This is an old version, view current version.

## 8.5 Program Block: parameters

The variables declared in the parameters program block correspond directly to the variables being sampled by Stan’s samplers (HMC and NUTS). From a user’s perspective, the parameters in the program block are the parameters being sampled by Stan.

Variables declared as parameters cannot be directly assigned values. So there is no block of statements in the parameters program block. Variable quantities derived from parameters may be declared in the transformed parameters or generated quantities blocks, or may be defined as local variables in any statement blocks following their declaration.

There is a substantial amount of computation involved for parameter variables in a Stan program at each leapfrog step within the HMC or NUTS samplers, and a bit more computation along with writes involved for saving the parameter values corresponding to a sample.

### Constraining Inverse Transform

Stan’s two samplers, standard Hamiltonian Monte Carlo (HMC) and the adaptive No-U-Turn sampler (NUTS), are most easily (and often most effectively) implemented over a multivariate probability density that has support on all of $$\mathbb{R}^n$$. To do this, the parameters defined in the parameters block must be transformed so they are unconstrained.

In practice, the samplers keep an unconstrained parameter vector in memory representing the current state of the sampler. The model defined by the compiled Stan program defines an (unnormalized) log probability function over the unconstrained parameters. In order to do this, the log probability function must apply the inverse transform to the unconstrained parameters to calculate the constrained parameters defined in Stan’s parameters program block. The log Jacobian of the inverse transform is then added to the accumulated log probability function. This then allows the Stan model to be defined in terms of the constrained parameters.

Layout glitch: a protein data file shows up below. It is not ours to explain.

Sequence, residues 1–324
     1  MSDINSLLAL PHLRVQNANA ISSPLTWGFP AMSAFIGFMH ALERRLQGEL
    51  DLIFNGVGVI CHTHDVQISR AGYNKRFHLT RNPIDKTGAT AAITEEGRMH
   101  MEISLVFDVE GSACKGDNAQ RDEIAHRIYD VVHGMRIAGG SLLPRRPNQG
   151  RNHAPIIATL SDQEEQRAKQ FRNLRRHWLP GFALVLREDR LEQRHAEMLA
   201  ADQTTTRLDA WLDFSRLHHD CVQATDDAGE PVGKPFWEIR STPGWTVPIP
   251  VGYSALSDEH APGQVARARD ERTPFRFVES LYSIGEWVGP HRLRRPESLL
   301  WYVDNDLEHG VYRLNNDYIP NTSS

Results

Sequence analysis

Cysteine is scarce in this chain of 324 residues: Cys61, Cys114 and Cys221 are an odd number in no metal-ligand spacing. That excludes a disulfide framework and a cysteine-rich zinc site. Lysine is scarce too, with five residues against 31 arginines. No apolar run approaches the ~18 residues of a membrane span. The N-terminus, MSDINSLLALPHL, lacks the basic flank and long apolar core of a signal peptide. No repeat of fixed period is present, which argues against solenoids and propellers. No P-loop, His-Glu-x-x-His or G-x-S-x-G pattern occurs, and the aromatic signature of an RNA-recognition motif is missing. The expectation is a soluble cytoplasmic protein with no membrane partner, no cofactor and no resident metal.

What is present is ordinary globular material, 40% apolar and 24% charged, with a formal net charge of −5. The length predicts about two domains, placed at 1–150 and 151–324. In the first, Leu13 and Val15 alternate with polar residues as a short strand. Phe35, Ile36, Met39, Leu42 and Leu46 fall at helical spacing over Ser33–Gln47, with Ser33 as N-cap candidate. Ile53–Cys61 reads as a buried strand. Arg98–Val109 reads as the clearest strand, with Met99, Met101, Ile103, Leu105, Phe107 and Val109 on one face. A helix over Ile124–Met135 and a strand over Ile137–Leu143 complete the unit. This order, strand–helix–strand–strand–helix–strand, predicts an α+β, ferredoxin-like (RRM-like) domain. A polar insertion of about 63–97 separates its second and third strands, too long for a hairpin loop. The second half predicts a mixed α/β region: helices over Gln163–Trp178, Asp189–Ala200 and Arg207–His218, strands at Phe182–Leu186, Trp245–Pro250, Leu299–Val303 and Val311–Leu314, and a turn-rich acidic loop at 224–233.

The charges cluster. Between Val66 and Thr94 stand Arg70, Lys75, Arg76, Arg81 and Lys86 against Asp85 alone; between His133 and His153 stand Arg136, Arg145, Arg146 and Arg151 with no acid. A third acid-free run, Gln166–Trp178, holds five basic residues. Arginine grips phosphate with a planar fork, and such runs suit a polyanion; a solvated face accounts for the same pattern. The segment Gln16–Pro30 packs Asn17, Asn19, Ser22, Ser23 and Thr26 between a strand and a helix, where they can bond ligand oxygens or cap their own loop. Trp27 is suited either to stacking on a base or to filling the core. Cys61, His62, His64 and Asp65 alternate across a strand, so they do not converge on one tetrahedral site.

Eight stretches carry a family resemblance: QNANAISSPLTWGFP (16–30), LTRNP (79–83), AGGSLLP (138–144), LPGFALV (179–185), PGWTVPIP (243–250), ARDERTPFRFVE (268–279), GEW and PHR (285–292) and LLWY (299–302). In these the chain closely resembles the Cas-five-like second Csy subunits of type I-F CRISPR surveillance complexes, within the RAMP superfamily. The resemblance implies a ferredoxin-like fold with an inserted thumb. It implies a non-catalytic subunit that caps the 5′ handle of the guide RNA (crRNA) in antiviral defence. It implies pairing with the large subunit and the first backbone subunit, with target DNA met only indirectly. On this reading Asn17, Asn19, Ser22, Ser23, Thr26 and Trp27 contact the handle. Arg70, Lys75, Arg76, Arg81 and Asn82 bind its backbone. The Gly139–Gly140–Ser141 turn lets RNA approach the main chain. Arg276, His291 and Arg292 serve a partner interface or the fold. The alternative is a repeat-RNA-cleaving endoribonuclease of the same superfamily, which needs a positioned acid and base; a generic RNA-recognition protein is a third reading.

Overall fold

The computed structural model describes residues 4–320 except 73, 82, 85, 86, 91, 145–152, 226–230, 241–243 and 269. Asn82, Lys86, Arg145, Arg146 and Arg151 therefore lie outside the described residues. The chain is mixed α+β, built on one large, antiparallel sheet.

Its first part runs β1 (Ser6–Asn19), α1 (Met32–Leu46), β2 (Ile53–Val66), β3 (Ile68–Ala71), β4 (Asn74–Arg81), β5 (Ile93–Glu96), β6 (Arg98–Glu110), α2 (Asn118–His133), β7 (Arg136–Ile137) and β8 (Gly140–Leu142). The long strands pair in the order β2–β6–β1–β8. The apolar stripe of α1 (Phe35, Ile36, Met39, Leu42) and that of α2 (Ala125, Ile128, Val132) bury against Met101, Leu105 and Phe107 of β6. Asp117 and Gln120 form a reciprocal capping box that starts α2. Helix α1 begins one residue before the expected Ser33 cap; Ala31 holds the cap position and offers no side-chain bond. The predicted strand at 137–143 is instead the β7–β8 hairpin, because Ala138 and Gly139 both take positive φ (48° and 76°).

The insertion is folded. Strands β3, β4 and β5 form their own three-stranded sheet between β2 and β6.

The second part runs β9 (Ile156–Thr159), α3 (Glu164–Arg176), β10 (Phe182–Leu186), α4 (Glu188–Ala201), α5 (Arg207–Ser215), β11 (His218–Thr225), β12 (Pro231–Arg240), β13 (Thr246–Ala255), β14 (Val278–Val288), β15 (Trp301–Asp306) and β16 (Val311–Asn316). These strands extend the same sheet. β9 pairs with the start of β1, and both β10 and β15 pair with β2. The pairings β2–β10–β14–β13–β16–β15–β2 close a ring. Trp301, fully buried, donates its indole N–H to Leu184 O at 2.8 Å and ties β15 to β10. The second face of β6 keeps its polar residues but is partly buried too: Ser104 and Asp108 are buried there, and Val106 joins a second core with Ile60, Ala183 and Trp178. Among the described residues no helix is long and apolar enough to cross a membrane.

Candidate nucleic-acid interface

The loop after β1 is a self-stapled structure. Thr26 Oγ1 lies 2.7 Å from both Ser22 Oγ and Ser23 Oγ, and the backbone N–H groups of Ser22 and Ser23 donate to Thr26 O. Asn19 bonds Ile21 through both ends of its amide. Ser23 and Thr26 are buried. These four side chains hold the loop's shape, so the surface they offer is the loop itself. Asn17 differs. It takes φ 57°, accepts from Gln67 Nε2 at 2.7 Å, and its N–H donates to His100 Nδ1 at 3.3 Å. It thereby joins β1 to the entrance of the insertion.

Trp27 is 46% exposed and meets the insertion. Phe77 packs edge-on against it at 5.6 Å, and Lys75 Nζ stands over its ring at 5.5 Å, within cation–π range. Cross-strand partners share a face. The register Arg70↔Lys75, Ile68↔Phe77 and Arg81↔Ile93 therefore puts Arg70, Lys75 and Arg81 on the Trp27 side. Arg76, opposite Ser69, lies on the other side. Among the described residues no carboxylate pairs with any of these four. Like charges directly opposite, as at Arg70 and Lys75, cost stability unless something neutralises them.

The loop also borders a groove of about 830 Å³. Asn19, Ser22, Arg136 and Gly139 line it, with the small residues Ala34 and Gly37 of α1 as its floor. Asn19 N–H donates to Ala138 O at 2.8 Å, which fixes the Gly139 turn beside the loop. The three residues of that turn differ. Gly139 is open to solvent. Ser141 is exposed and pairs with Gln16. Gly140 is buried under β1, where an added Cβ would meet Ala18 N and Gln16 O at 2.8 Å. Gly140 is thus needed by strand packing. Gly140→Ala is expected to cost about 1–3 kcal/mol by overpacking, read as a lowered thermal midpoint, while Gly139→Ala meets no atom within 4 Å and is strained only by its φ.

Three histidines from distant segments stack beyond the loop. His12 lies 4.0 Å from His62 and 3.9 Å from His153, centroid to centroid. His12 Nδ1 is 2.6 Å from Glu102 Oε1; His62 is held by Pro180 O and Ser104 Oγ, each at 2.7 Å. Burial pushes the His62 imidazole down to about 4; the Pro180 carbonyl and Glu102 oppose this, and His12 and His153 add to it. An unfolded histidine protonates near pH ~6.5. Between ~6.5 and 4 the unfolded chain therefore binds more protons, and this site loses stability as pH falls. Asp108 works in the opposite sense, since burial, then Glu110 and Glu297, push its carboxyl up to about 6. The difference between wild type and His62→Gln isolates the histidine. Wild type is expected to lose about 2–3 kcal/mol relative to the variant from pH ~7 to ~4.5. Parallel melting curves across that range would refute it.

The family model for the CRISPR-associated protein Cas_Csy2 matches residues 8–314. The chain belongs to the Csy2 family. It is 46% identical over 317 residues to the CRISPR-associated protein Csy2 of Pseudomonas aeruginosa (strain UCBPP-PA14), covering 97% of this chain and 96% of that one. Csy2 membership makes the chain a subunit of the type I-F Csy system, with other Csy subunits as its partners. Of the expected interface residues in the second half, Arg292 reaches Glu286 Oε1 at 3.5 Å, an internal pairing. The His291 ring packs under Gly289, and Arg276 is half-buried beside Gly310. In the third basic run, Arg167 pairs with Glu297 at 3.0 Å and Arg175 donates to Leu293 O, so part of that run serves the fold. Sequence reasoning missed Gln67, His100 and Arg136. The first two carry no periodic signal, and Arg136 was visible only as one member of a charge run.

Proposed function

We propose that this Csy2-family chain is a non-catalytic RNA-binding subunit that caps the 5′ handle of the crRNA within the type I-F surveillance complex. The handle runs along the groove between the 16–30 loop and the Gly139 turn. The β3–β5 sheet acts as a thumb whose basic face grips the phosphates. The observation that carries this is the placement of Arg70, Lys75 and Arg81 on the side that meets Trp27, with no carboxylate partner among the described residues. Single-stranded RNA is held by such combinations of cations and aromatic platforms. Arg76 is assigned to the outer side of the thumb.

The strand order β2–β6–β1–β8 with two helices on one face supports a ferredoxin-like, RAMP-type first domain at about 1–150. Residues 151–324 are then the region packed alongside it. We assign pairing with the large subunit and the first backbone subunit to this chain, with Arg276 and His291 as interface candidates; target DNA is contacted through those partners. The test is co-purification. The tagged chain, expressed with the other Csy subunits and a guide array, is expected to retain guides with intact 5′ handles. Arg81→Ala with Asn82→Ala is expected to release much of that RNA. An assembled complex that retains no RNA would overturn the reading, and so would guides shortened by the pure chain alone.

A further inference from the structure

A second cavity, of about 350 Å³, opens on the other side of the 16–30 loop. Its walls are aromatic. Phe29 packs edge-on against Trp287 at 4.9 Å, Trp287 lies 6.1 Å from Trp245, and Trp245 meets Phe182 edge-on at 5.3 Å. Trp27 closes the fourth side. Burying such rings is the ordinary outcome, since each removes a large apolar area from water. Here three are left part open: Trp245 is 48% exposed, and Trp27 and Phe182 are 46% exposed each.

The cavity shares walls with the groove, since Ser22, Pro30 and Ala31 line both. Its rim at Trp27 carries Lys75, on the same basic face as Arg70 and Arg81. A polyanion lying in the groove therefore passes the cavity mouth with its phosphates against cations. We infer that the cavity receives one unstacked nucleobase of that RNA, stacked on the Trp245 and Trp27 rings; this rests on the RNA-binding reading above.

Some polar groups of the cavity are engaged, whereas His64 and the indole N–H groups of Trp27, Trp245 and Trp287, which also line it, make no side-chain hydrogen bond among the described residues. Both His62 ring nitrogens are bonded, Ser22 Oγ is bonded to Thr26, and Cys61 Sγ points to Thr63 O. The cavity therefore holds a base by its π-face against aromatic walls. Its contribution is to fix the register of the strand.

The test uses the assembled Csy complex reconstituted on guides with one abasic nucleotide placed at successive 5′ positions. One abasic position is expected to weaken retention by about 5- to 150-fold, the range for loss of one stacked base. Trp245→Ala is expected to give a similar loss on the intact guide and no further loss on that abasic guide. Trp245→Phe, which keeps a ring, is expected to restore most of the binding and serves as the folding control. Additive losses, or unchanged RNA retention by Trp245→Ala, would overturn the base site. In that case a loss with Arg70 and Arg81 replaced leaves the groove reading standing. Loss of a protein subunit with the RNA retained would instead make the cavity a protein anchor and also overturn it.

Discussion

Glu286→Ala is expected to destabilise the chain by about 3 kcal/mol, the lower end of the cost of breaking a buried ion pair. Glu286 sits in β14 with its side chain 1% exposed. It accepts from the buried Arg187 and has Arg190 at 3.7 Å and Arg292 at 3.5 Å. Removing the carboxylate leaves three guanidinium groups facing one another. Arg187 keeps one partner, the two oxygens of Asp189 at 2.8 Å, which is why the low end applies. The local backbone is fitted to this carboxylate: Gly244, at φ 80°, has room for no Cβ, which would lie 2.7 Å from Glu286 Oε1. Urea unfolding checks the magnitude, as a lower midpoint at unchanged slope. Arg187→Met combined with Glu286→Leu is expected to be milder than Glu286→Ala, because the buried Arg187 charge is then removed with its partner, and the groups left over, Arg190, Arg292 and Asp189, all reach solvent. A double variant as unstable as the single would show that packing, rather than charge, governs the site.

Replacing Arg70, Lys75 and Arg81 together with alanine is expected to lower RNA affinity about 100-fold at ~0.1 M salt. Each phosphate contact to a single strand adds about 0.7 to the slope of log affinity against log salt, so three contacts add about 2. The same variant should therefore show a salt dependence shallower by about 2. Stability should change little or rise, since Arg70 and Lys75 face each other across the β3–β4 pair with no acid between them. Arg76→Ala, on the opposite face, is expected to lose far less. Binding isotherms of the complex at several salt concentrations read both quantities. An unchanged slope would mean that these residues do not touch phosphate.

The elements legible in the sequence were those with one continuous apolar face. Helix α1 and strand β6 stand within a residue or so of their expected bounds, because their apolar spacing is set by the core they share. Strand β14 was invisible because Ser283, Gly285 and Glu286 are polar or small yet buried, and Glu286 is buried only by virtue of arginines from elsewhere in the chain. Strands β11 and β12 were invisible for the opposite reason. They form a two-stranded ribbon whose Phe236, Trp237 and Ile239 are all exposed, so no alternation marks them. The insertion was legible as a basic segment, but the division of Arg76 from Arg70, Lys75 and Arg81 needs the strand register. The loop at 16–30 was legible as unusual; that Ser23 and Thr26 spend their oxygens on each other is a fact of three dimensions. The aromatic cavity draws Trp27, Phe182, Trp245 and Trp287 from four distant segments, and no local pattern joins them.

In some cases, the number of parameters is reduced in the unconstrained space. For instance, a $$K$$-simplex only requires $$K-1$$ unconstrained parameters, and a $$K$$-correlation matrix only requires $$\binom{K}{2}$$ unconstrained parameters. This means that the probability function defined by the compiled Stan program may have fewer parameters than it would appear from looking at the declarations in the parameters program block.

The probability function on the unconstrained parameters is defined in such a way that the order of the parameters in the vector corresponds to the order of the variables defined in the parameters program block. The details of the specific transformations are provided in the variable transforms chapter.

Hamiltonian Monte Carlo requires the gradient of the (unnormalized) log probability function with respect to the unconstrained parameters to be evaluated during every leapfrog step. There may be one leapfrog step per sample or hundreds, with more being required for models with complex posterior distribution geometries.

Gradients are calculated behind the scenes using Stan’s algorithmic differentiation library. The time to compute the gradient does not depend directly on the number of parameters, only on the number of subexpressions in the calculation of the log probability. This includes the expressions added from the transforms’ Jacobians.

The amount of work done by the sampler does depend on the number of unconstrained parameters, but this is usually dwarfed by the gradient calculations.

### Writing Draws

In the basic Stan compiled program, there is a file to which the values of variables are written for each draw. The constrained versions of the variables are written in the order they are defined in the parameters block. In order to do this, the transformed parameter, model, and generated quantities statements must also be executed.